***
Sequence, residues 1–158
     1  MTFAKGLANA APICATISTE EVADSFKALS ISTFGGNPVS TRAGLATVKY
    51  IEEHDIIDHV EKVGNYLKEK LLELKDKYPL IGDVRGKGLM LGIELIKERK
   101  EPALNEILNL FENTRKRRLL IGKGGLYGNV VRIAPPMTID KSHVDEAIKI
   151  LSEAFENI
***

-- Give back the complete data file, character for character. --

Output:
Sequence, residues 1–158
     1  MTFAKGLANA APICATISTE EVADSFKALS ISTFGGNPVS TRAGLATVKY
    51  IEEHDIIDHV EKVGNYLKEK LLELKDKYPL IGDVRGKGLM LGIELIKERK
   101  EPALNEILNL FENTRKRRLL IGKGGLYGNV VRIAPPMTID KSHVDEAIKI
   151  LSEAFENI